Avoiding Midair Collisions

Photo Credit: Loren Holmes / Anchorage Daily News

Avoiding Midair Collisions

It seems to happen every Summer. Seven people were killed Friday when a beaver and cub had a midair collision near Soldotna, Alaska. On May 13th of last year, a Beaver and Otter collided near George Inlet, Alaska; killing 6 and injuring 10. In 2018? Four were killed on a training flight in Sweetwater, FL when a Piper PA-31 and Cessna 172 collided.

As we move into the age of modern cockpit avionics and onboard traffic collision avoidance systems, one would think that the number of midair collisions would be declining among other general aviation accident trends.

So why is it that the number of midair collisions, reported annually, has rarely changed over the last 18 years?

According to the Federal Aviation Administration, mid-air collisions remain on the top 10 list as being a leading cause of general aviation accidents resulting in fatalities.

Having a good visual scan and minimizing “heads down” time is important to maintain traffic separation. But even so, this only guards against a mere five percent of mid-air collisions. According to AOPA’s Air Safety Institute, eighty-two percent of midair collisions happen from the rear of the aircraft. So how do we mitigate the risk of a midair if we can’t even see other traffic?

  • Fly at the proper VFR altitudes. Remember, when flying at VFR altitudes above 3,000′ AGL; between zero to 179 degrees, fly odd thousands plus five hundred (ex: 5,500 MSL), and between 180 to 359 degrees, fly even thousands plus five hundred (ex: 4,500′ MSL).
  • Before entering a turn in a high-wing aircraft, lift the wing and ensure there is no potential traffic conflict.
  • When performing clearing turns, do your first turn to the left. If someone is in the process of overtaking you from behind, the proper action is to overtake on the right. Turning to the left will mitigate the possibility of a midair should someone be attempting to overtake you.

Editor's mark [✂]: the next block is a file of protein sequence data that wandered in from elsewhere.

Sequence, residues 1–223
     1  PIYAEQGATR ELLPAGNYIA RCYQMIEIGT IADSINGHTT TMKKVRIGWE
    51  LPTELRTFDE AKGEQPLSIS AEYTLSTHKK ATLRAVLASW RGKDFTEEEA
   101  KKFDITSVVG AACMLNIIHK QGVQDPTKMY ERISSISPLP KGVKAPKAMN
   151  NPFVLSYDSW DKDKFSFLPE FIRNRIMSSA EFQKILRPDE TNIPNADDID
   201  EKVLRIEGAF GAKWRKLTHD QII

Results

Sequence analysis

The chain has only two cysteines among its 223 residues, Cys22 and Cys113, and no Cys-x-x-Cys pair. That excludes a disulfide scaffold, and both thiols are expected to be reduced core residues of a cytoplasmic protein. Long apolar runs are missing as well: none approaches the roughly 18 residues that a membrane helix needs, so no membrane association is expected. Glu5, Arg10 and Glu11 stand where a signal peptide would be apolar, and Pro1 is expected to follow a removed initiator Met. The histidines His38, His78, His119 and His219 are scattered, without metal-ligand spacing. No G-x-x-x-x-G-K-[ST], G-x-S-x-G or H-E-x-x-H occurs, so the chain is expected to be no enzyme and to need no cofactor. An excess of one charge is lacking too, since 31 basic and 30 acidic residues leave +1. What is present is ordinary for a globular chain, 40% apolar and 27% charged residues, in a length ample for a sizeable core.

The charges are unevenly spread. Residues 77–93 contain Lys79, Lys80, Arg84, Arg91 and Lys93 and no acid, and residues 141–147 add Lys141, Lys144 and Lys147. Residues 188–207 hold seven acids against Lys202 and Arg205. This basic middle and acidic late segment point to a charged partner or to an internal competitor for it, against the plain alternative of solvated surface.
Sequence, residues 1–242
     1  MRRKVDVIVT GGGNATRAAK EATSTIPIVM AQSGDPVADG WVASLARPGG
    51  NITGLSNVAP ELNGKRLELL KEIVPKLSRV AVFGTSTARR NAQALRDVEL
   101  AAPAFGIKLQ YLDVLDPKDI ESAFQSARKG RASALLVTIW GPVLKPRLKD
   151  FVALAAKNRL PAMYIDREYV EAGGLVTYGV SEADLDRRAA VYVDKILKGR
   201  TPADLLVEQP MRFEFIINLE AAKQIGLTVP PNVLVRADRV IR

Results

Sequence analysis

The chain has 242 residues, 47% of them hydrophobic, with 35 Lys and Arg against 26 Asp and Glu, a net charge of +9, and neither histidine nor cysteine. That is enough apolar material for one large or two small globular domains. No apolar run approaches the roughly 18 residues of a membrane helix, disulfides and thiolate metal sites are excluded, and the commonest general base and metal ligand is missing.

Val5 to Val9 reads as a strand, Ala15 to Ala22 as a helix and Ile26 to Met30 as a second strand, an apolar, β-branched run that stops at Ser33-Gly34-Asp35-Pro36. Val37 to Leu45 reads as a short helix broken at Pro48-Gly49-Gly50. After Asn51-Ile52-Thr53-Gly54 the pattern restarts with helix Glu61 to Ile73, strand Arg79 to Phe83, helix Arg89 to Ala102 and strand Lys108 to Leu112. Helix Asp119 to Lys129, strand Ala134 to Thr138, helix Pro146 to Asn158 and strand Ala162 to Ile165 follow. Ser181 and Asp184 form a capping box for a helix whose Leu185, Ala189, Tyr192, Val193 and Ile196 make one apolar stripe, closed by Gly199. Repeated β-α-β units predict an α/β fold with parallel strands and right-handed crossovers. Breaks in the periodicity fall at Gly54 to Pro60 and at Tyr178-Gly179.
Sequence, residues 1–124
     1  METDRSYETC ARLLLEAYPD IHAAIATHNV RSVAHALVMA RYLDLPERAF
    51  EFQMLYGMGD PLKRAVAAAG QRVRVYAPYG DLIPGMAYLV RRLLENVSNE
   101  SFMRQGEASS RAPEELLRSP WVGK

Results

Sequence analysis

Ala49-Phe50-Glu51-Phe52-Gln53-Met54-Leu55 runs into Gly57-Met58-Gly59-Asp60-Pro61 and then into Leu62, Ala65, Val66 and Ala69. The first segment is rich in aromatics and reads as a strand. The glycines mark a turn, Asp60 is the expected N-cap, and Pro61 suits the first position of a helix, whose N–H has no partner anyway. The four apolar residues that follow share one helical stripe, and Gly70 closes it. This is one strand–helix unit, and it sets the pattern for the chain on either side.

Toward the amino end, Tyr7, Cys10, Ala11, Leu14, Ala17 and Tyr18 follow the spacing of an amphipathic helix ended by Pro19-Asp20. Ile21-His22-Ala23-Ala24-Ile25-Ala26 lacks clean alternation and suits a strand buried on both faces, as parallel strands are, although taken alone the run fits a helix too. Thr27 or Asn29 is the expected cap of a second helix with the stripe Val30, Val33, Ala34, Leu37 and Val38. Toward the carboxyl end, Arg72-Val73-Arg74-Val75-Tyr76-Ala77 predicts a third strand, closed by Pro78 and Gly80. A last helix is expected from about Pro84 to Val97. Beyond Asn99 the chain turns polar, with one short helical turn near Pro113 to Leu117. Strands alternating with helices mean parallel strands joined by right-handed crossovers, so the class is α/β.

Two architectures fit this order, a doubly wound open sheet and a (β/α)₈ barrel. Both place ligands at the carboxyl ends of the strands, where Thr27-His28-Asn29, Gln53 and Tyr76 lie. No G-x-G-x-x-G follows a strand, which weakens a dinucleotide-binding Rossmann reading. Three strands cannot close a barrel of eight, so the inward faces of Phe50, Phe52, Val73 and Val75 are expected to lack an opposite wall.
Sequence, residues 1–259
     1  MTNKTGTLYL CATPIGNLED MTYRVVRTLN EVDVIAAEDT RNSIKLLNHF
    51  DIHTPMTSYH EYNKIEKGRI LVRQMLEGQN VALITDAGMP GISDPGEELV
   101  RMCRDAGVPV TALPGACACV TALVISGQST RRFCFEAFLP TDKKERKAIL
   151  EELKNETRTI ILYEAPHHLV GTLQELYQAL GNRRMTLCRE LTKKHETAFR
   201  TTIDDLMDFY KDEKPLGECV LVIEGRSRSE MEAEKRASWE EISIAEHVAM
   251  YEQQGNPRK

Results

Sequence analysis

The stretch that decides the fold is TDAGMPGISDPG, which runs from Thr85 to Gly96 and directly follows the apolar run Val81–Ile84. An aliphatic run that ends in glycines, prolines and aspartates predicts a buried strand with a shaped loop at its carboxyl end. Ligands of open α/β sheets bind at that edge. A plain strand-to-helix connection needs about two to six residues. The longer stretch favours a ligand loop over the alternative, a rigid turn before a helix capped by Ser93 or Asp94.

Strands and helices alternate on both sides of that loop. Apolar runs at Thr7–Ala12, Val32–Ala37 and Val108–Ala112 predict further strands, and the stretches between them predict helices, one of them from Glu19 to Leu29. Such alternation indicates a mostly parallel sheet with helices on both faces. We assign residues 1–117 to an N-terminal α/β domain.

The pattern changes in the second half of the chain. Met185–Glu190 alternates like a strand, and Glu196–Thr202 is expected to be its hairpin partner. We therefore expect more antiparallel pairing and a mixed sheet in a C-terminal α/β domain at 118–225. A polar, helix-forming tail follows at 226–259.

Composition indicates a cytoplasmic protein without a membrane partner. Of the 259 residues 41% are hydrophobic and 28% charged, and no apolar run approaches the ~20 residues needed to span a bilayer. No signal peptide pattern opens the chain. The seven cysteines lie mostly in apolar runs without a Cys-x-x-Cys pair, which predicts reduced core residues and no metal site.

• Equip your aircraft with ADS-B in & out.
  • Use flight following and enlist the help of your passengers. It’s always good to have another pair of eyes watching out for traffic.


While many think that mid-airs are most likely to occur en-route, such as when on an airway or crossing a VOR, nearly half of midair collisions actually occur in the traffic pattern, with a majority of those being at non-towered airports where traffic separation is not provided. The most common location of impact is on final or over the runway.

So what can we do in an uncontrolled airport environment to prevent collisions from occurring?

  • Be familiar with and use VFR waypoints (reporting points) for position reports.
  • Be familiar with your aircraft blind spots (either high wing or low wing) and use recommended techniques to mitigate them.
  • Tune and verify you are on the correct frequency, at minimum, ten miles from the airport. If on with approach control, use your second radio to monitor traffic in the area.
  • Report your position and intentions when 10 miles out from the airport. Listen for other traffic reports and report entering downwind, turning base, and turning final.
  • Identify the airport at the beginning and end of every transmission.
  • If you begin to wonder about the location of another aircraft, just ask.
  • Be aware of NORDO (No radio) traffic operating in the area or in the pattern.
  • Check behind you and below you when on final to ensure no other traffic.
  • When outbound, report your position, and be aware that many others don’t do this.
  • Report distance in miles rather than navigational fixes. (Both VFR and IFR)


In addition to non-towered operations, runway incursions are becoming a growing issue at towered airports; Hence the FAA’s emphasis area on runway incursions in nearly every ACS and PTS. Runway incursions commonly happen either due to complacency or unfamiliarity with the airfield.

We can practice a few techniques to assist in avoiding runway incursions:

  • Listen carefully and intently to taxi instructions and read them back. It is easy to become complacent and take an incorrect turn if the taxi route differs from what you are used to.
  • Review the airport taxi diagram prior to departing or arriving.
  • If unsure, ask for a progressive taxi.
  • Before entering the runway (either for departure or to cross), ensure there is no traffic on final.
  • Pay close attention at airports with parallel runways.


We can all do our part to mitigate and improve general aviation’s safety record in regard to midairs. If you are a student pilot, ensure you are working in the techniques above; and if you are an instructor, make sure to teach them to your student!

If you’d like to learn more about runway incursion procedures, you can check out our “Runway Incursion Avoidance” audio lecture in our CFI PTS: Explained in Detail course, accessible here!


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